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I want a data.My data A looks like

author_id paper_id prob
   731    24943    1
   731    24943    1
   731   688974    1
   731   964345    .8
   731  1201905    .9
   731  1267992    1
   736    249      .2
   736   6889      1
   736   94345    .7
   736  1201905    .9
   736  126992    .8

The output I am desiring is:

author_id    paper_id
  731        24943,24943,688974,1201905,964345
  736        6889,1201945,126992,94345,249

That is paper_id are arranged according to decreasing order of probability.

If I use a combination of sql and R, i think the solution would be

statement<-"select * from A 
            GROUP BY author_id
            ORDER BY prob"

Then in R using paste once the order is set for paper_id.

But i need the total solution in R.How could this be done?

Thanks

share|improve this question
2  
why are there duplicates with the same author, paper, and probability? Also, the desired format doesn't seem very useful. Are you planning to use it for further analysis? –  rawr Mar 27 at 11:19
    
@rawr-duplicates are to be present in the output.The output is the final result. –  user3171906 Mar 27 at 11:27
1  
plyr is slightly overkill - you can do this easily in base R : with(dat[order(dat$prob , decreasing=TRUE),], aggregate(paper_id , list(author_id=author_id) , paste , sep=",")) –  user20650 Mar 27 at 11:41
    
@user20650 : your code worked like a gem, thanks –  user3171906 Mar 28 at 8:07

3 Answers 3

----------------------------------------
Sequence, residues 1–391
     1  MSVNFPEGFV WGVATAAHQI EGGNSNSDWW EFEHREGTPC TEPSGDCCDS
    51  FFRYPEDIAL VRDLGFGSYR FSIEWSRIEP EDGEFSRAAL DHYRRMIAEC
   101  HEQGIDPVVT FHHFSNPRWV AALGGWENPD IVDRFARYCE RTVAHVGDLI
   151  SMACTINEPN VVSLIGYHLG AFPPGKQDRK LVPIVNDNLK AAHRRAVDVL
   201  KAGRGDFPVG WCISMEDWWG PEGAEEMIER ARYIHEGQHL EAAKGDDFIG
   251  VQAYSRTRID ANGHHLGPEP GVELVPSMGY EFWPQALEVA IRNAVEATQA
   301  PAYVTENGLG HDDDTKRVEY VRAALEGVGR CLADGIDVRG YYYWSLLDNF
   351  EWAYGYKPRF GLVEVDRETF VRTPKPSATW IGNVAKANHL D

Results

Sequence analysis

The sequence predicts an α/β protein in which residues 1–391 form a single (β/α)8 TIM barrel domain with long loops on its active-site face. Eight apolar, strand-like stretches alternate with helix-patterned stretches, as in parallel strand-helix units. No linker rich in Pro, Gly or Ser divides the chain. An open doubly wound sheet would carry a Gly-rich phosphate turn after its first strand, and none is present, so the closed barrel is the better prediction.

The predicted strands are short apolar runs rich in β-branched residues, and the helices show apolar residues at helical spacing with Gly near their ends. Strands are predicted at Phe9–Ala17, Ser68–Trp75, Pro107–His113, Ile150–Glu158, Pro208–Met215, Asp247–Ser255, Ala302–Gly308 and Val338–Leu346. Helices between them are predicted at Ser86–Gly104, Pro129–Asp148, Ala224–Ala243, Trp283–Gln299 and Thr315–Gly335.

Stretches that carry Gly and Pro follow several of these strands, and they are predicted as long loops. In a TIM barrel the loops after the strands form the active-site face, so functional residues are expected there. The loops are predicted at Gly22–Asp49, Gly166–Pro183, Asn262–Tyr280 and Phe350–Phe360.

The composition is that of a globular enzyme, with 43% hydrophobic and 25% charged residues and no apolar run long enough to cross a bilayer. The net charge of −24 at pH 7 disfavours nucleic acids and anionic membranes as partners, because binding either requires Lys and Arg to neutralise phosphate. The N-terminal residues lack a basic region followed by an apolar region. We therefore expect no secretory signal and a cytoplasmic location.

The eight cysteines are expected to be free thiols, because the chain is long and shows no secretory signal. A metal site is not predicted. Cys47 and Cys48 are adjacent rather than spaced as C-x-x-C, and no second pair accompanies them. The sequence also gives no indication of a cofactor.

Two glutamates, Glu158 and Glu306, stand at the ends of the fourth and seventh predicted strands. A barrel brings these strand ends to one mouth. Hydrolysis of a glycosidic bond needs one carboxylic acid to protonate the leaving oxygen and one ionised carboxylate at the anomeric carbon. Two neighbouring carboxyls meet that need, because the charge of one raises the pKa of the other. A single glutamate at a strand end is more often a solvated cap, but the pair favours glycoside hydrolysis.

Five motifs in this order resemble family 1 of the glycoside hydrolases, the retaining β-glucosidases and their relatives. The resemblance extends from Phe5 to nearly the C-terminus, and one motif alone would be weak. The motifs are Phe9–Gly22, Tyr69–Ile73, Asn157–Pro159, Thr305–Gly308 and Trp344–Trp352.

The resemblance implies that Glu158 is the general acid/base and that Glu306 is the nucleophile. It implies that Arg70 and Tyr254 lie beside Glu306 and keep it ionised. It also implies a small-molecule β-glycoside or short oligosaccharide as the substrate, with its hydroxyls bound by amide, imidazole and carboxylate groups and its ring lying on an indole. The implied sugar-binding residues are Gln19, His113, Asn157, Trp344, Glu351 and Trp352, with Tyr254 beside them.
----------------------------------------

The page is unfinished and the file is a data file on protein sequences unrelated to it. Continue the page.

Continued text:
up vote 8 down vote accepted

If temp is your data set then do

library(data.table)
setDT(temp)[order(-prob), list(paper_id = paste0(paper_id, collapse=", ")), by = author_id]
##    author_id                                       paper_id
## 1:       731 24943, 24943, 688974, 1267992, 1201905, 964345
## 2:       736              6889, 1201905, 126992, 94345, 249

Edit: 8/11/2014

Since data.table v >= 1.9.4, you can use the very efficient setorder instead of order

str(temp)
setorder(setDT(temp), -prob)[, list(paper_id = paste0(paper_id, collapse=", ")), by = author_id]
##    author_id                                       paper_id
## 1:       731 24943, 24943, 688974, 1267992, 1201905, 964345
## 2:       736              6889, 1201905, 126992, 94345, 249

And as a side note, this whole thing could be easily done with base R too (though not recommended for big data sets)

aggregate(paper_id ~ author_id, temp[order(-temp$prob), ], paste, collapse = ", ")
#   author_id                                       paper_id
# 1       731 24943, 24943, 688974, 1267992, 1201905, 964345
# 2       736              6889, 1201905, 126992, 94345, 249
share|improve this answer
4  
+1, Or slightly simpler data.table(df)[order(-prob), paste0(paper_id, collapse=", "), by=author_id] –  BrodieG Mar 27 at 12:53
    
df = data.table(df)[order(-prob),paste0(paper_id,collapse = ","),by = author_id]; setnames(df,"V1","author_id") –  Henk Mar 27 at 14:41

To complete the set, here's a dplyr answer:

df  <- read.table(header = T, text =
"author_id paper_id prob
731 24943 1
731 24943 1
731 688974 1
731 964345 .8
731 1201905 .9
731 1267992 1
736 249 .2
736 6889 1
736 94345 .7
736 1201905 .9
736 126992 .8") # your dataset

library(dplyr)
df %.%
  group_by(author_id) %.%
  arrange(desc(prob)) %.%
  summarise(paper_id = paste(paper_id, collapse = ", "))

## Source: local data frame [2 x 2]
## 
##   author_id                                       paper_id
## 1       731 24943, 24943, 688974, 1267992, 1201905, 964345
## 2       736              6889, 1201905, 126992, 94345, 249
share|improve this answer

You can try this

library('plyr')

subdf <- ddply(sample.df,.(author_id), function(df){
  ord <- order(df$prob,decreasing=T)
  return(data.frame(paper_id=paste(df$paper_id[ord],collapse=',')))
})

subdf 

  author_id                                  paper_id
1       731 24943,24943,688974,1267992,1201905,964345
2       736             6889,1201905,126992,94345,249
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